$100,000 and You Absolutely Can Be Set For Life

4 things to do so you can stop freaking out over saving $1 million

Photo by Bianca Jordan on Unsplash

Move your money like a criminal, so you never have to worry about retiring.

Earlier this year, I likened my personal financial strategy to laundering money. Not really, but it’s realistic enough to make a better than average analogy in a sea of pretty bad analogies.

In that article, I describe my pots of money approach to personal finance.

I do it here as well.

Later in the year, I developed the money laundering thought, introducing the idea of recycling cash:

Aim to save two years’ worth of living expenses. 🔗

Let’s say you spend $4,000 a month on fixed and discretionary expenses. This means you’ll need to get to — or close to — $96,000.It might take a while to get there. This isn’t easy. Stuff with money usually isn’t. But it’s a hell of a lot easier than saving a million to rely on when you hit your sixties or seventies.Once you have achieved this goal — and you have other key conditions in place — you can semi-retire. You can recycle cash on an ongoing basis…After you save two years of expenses ($96,000), you pull out one year’s worth ($48,000) and live off of that money for a year.As you deplete this $48,000, you’re saving almost all of your ensuing cash flow.If throughout this year, you can decrease expenses and steadily increase income, you operate from an ideal position of strength.

All of this assumes you’re of modest means. That is, you’re not rich or even close to it.

You have to work.

You’re among the millions of us who — for one reason or another — will not be able to traditionally retire. The math the retirement planners and investment gurus give us simply doesn’t add up. We have no choice, but to accept this and devise alternative strategies to live the lives we wanna live now and for the duration.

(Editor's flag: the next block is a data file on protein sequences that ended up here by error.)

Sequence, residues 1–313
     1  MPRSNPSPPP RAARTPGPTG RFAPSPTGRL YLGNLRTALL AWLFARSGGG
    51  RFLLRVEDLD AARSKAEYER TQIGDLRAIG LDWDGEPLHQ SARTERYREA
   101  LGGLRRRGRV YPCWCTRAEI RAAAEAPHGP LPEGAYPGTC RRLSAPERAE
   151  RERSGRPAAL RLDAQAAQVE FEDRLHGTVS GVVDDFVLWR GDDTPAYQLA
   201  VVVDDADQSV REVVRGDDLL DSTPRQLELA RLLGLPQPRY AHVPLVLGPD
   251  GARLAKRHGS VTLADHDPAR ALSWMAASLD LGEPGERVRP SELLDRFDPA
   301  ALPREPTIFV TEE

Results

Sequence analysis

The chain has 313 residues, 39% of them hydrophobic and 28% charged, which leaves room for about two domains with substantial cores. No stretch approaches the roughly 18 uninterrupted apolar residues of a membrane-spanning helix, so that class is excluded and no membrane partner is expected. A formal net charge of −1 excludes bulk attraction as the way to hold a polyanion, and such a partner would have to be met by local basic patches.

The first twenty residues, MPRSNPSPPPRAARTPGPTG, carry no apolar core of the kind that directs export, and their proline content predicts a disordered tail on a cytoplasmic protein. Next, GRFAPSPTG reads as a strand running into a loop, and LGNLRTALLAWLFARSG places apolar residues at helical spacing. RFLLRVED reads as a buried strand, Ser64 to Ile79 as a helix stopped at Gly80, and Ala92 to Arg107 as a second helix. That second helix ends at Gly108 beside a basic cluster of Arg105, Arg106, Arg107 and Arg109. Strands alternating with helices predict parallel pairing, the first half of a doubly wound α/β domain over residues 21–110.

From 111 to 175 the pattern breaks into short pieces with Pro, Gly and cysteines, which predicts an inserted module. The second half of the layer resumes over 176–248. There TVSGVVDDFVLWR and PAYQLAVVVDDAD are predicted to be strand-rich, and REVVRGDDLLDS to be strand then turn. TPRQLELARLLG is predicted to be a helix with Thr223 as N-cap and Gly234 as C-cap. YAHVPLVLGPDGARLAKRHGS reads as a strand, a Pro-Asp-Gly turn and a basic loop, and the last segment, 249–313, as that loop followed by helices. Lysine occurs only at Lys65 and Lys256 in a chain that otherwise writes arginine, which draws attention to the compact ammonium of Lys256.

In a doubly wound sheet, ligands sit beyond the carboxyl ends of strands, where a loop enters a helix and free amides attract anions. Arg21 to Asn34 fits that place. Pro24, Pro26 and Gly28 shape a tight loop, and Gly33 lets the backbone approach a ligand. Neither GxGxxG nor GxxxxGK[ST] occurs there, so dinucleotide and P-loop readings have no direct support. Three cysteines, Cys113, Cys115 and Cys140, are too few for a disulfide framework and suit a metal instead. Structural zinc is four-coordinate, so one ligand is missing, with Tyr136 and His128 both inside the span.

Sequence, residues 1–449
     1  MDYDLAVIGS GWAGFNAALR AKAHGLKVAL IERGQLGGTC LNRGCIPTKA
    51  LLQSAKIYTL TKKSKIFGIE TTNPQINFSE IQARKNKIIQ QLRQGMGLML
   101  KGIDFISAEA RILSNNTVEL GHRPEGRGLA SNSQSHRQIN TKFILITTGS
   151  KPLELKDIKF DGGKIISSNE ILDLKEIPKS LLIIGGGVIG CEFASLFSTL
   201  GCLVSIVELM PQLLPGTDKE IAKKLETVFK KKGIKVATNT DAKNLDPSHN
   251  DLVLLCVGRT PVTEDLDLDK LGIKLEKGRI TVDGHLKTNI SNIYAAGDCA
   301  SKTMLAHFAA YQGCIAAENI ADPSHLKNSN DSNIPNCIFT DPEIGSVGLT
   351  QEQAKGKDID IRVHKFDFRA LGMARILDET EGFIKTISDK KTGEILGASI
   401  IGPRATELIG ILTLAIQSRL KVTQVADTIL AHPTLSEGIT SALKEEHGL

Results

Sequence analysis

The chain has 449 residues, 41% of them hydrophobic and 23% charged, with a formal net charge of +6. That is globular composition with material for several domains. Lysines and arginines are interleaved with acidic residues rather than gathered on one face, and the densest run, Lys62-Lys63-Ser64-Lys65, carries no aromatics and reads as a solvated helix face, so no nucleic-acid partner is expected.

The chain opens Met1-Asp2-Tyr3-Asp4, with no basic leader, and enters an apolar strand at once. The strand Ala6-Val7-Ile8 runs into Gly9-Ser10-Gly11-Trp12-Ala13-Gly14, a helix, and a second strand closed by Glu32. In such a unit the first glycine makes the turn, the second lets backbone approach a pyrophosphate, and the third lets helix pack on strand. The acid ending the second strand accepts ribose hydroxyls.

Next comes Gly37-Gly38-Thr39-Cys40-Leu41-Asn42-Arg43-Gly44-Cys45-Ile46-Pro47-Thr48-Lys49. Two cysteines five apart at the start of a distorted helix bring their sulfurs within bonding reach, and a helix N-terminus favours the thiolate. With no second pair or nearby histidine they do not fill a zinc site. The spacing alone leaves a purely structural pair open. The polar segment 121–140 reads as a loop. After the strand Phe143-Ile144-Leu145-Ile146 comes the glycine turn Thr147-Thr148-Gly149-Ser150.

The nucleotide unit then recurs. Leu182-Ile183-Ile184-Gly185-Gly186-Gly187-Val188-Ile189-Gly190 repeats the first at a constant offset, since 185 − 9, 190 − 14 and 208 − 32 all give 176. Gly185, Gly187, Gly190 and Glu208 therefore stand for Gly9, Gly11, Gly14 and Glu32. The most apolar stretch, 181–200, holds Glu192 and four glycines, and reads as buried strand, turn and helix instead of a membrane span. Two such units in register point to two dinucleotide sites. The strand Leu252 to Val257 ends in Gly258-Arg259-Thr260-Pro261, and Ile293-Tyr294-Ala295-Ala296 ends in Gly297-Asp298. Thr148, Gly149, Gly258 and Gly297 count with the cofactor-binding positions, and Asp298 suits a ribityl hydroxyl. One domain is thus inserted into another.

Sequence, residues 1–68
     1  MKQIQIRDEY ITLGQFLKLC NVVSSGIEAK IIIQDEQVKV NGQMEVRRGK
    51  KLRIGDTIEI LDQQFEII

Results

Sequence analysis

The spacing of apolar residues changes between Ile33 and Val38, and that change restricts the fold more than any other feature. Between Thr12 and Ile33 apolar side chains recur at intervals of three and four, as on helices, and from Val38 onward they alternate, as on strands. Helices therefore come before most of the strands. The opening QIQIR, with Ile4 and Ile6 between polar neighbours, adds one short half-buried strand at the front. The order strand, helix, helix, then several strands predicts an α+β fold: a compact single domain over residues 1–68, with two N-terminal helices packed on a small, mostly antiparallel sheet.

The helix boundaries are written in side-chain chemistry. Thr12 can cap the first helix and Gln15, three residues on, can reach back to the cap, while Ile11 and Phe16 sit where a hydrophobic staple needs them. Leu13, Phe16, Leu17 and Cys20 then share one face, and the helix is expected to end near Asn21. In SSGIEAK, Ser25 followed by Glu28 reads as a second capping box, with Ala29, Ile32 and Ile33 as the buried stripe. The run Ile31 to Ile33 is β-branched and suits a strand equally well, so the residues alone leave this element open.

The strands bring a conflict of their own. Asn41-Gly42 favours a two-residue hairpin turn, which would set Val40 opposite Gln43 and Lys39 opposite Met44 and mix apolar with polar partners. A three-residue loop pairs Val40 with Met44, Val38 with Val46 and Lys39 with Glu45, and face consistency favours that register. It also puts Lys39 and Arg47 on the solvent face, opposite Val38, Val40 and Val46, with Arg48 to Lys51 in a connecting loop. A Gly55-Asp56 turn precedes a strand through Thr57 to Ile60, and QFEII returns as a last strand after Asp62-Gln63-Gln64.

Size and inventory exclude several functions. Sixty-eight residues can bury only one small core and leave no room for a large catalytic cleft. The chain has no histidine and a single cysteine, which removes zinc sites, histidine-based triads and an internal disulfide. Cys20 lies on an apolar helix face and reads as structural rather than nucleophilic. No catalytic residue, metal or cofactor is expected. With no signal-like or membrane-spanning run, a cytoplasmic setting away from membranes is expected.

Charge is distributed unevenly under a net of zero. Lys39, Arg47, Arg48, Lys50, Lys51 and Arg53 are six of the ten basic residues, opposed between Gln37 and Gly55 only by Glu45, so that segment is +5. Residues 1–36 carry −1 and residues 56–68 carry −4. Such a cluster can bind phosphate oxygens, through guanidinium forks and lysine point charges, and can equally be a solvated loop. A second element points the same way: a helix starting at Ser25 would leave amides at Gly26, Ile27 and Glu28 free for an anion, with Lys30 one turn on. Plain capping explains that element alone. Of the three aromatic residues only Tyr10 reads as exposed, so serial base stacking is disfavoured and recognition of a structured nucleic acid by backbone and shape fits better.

So I say aim for $100,000, not the oft-prescribed $1 million or more. 🔗

Sounds insane. Except it’s not.

Here are the things you probably gotta do — or some variation of them — to get it done.

Shake the prevailing get rich quick mindset. 🔗

Every part-time DJ or bartender you know isn’t getting rich on meme stocks and cryptocurrency. Your old high school friend isn’t side hustling her way to an easy $5,000 or $10,000 a month with some multilevel marketing bull shit.

Don’t believe everything you see on Facebook.

At the same time, accept the fact that — if you’re like me — you’re probably never going to save $1 million. You won’t even come close.

Embrace the happy medium between the unrealistic and impossible.

Saving $100,000 (or whatever two year’s worth of expenses adds up to for you) won’t be easy, particularly if you start from scratch. Meaning you don’t count what you already have saved.

It’s hard work.

But it’s easier than saving a million or more to use when you’re an old bastard.

It’s also more realistic than putting $1,000 into the coin of the day, thinking it’ll suddenly morph into hundreds of thousands or even millions like those record-spinning Facebook friends tout.

Stop feeling guilty. 🔗

I wrote this the other day. It’s super important for taking control of your money situation.

They’re asking the impossible. 🔗

For many of us, what they ask of us — for one reason or another — simply isn’t happening.It’s not going to happen. Because we can’t make it happen. Maybe we don’t want to make it happen. Or some mix of both.They being financial media writers, money gurus, retirement planners, our parents, other family, and friends.

You know the ask. To live the typical middle class American life of —

  • Go to college (probably)